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FOR WHAT IT IS WORTH: Nurturing our tourism


FOR WHAT IT IS WORTH: Nurturing our tourism

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Two stories reported in the media last week, although  with unfortunate origins, give us comfort that Barbados has something special which attracts visitors to our shores. This augurs well for our tourism industry.
The fact that two British visitors were shot while on shore from a cruise ship, immediately said they would visit Barbados again and are in fact here, and an American visitor who had only visited Barbados for a few hours would request that his ashes be scattered at Accra Beach because he had fallen “so in love with the island”, are testimony to this. One wonders why these stories were not “front page” news rather than the finding of marijuana plants and the removal of the fuel subsidy.
However, this “marriage” between Barbados and its visitors has to be nurtured, just like a marriage between husband and wife, and not left unattended. As I’ve said before, we mustn’t treat visitors like ATMs, only interested in their money. We must give them the best experience possible while they are our guests.
We must also cater to all types of tourist. We keep hearing about concentrating on the “high-end market”. Since we’re hardly likely to ask for visitors’ bank statements in advance, how does one define this market? Is it based on whether you are a “Sir” or a “Lady”, “Duchess” or film star, or perhaps where you have booked to stay? The recent incident at Sandy Lane Estate should teach us a lesson in this respect – that things are not always what they seem to be. In fact, I’ve often heard that many so-called “high-end” visitors leave the island owing the “high-end” hotels large sums of money, possibly because certain guests are trusted because of their apparent positions.
Furthermore, I’m offended by Sandals’ head honcho Gordon “Butch” Stewart’s comments that Government’s concessions will allow his company to “lay the base to bring to the island quality visitors who would spend quality money . . .”. What defines a “quality visitor” and how does money differ in quality?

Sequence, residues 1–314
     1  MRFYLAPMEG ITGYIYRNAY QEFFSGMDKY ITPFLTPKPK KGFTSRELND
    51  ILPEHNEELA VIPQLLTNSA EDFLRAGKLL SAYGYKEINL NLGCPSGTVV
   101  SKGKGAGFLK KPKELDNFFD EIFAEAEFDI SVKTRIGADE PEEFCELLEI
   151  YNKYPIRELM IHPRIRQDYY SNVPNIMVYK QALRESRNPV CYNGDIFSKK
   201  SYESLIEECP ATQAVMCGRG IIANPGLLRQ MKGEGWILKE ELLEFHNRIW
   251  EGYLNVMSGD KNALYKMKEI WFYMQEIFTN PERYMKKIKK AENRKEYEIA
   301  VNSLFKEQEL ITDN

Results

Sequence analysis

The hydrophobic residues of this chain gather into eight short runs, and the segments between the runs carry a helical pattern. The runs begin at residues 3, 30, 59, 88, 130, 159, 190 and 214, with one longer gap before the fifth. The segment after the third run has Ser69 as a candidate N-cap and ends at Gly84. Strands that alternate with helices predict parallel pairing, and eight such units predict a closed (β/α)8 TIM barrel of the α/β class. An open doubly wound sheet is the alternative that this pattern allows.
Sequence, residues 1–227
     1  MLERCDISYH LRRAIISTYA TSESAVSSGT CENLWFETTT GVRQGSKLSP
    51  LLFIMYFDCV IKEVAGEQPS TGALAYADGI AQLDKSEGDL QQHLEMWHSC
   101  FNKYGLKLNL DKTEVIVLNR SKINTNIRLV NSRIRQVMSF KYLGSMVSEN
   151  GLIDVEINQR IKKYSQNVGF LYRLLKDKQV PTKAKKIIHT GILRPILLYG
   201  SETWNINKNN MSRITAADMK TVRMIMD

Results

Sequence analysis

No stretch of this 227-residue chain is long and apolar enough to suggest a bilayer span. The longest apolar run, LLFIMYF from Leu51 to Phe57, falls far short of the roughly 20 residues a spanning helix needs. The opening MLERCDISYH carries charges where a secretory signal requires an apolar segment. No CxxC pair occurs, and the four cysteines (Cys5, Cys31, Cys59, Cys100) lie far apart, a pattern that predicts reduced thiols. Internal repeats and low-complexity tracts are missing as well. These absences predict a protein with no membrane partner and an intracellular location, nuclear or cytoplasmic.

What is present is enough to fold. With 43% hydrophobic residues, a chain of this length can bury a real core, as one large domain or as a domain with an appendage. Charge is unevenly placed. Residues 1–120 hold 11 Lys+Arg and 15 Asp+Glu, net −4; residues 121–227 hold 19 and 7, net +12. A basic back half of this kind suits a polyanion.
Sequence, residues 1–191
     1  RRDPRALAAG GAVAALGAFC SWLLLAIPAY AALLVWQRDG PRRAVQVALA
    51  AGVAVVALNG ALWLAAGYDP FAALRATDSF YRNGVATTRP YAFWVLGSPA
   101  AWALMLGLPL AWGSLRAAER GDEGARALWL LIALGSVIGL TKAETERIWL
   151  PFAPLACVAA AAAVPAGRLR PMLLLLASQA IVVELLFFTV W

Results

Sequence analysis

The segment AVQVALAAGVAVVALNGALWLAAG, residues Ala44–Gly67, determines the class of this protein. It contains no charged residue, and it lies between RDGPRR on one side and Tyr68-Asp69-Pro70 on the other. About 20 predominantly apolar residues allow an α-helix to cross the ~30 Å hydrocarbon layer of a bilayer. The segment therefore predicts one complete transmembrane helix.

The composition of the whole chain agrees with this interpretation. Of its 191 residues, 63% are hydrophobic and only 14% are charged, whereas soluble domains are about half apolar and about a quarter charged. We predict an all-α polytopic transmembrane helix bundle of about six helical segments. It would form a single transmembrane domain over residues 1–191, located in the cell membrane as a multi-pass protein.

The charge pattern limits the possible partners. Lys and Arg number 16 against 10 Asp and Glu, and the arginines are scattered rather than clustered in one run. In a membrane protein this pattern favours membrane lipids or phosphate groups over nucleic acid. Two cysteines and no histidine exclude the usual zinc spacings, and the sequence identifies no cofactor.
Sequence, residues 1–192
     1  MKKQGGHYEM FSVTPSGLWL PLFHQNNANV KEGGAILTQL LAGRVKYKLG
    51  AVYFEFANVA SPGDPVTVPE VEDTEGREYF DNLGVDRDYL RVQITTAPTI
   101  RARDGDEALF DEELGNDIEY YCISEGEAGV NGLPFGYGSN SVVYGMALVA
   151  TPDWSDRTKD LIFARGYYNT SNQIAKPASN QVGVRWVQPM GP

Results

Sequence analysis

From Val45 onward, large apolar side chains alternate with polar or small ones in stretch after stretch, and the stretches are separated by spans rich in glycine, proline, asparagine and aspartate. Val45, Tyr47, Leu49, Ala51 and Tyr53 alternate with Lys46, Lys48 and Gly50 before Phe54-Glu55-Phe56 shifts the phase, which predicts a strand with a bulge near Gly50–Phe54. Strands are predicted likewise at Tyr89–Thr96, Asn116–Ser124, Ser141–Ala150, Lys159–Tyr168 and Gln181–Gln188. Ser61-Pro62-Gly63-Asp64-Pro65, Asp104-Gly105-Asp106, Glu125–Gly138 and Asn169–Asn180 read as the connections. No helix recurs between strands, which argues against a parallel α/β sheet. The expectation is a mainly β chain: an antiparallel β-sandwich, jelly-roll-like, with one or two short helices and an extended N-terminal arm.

We must treat all our visitors with respect as long as they return this respect. With regard to nurturing them, we need to pay attention to our service quality. This must be consistent. It’s embarrassing when one has a good experience at a restaurant one night and recommends it to visitors, only to find that they experience disgusting service when they visit. I can attest to this since I accompanied a group of visitors to a restaurant recently where dinner took over an hour to arrive, and then two meals were served at a time, so that by the time the last person was served, everyone else had finished. To add insult to injury, one meal was incorrect and so was the bill. Obviously they won’t be visiting that restaurant again, nor will I be recommending it. New restaurants also have to ensure that as they grow in popularity, they increase their staff and/or efficiency commensurately or they will quickly lose their good reputation and perhaps even close down.
All local restaurants would do well to take a leaf out of Chiryl Wiltshire-Newman’s book. In the face of many challenges, her restaurant Champers has moved from strength to strength and her quality of service and fare has never waned. She has demonstrated that consistently superior service is achievable.
I noted recently our increasing noise problem. A few days later I was “treated” to deafening noise until 5:30 a.m., which I was shocked to discover was emanating from a party in my neighbourhood.
If this was emanating from a private home, one can imagine what the case is with nightclubs. Do we expect our visitors to accept this, or the constant loud buzz from the “bulls” of kites left out at night? Why does a kite have to have a “bull” in the first place, the sole purpose of which is to make an irritating noise? The noise problem is so out of hand that an American who has been resident here for many years suggests that Immigration officers distribute earplugs at the airport. Can we afford to let a problem which can be so easily solved by the enforcement of proper legislation undermine the considerable investment in our tourism industry?
l Dr Francess Chandler is a former Independent senator. Email [email protected]